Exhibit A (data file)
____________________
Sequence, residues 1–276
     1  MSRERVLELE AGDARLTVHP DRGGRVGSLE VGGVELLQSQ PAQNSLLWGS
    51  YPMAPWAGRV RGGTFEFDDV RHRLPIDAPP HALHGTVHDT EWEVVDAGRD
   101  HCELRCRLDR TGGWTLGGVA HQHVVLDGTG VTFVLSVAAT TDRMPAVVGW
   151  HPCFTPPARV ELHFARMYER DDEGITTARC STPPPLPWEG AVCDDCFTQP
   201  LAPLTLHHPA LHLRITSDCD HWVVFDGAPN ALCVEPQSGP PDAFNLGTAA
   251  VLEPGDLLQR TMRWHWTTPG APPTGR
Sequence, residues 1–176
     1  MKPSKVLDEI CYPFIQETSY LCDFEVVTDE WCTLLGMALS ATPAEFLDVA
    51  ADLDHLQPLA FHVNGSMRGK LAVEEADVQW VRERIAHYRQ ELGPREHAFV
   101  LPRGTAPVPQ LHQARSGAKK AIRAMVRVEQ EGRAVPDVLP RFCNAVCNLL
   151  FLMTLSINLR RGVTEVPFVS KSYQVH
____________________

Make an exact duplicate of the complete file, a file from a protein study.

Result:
Sequence, residues 1–276
     1  MSRERVLELE AGDARLTVHP DRGGRVGSLE VGGVELLQSQ PAQNSLLWGS
    51  YPMAPWAGRV RGGTFEFDDV RHRLPIDAPP HALHGTVHDT EWEVVDAGRD
   101  HCELRCRLDR TGGWTLGGVA HQHVVLDGTG VTFVLSVAAT TDRMPAVVGW
   151  HPCFTPPARV ELHFARMYER DDEGITTARC STPPPLPWEG AVCDDCFTQP
   201  LAPLTLHHPA LHLRITSDCD HWVVFDGAPN ALCVEPQSGP PDAFNLGTAA
   251  VLEPGDLLQR TMRWHWTTPG APPTGR
Sequence, residues 1–176
     1  MKPSKVLDEI CYPFIQETSY LCDFEVVTDE WCTLLGMALS ATPAEFLDVA
    51  ADLDHLQPLA FHVNGSMRGK LAVEEADVQW VRERIAHYRQ ELGPREHAFV
   101  LPRGTAPVPQ LHQARSGAKK AIRAMVRVEQ EGRAVPDVLP RFCNAVCNLL
   151  FLMTLSINLR RGVTEVPFVS KSYQVH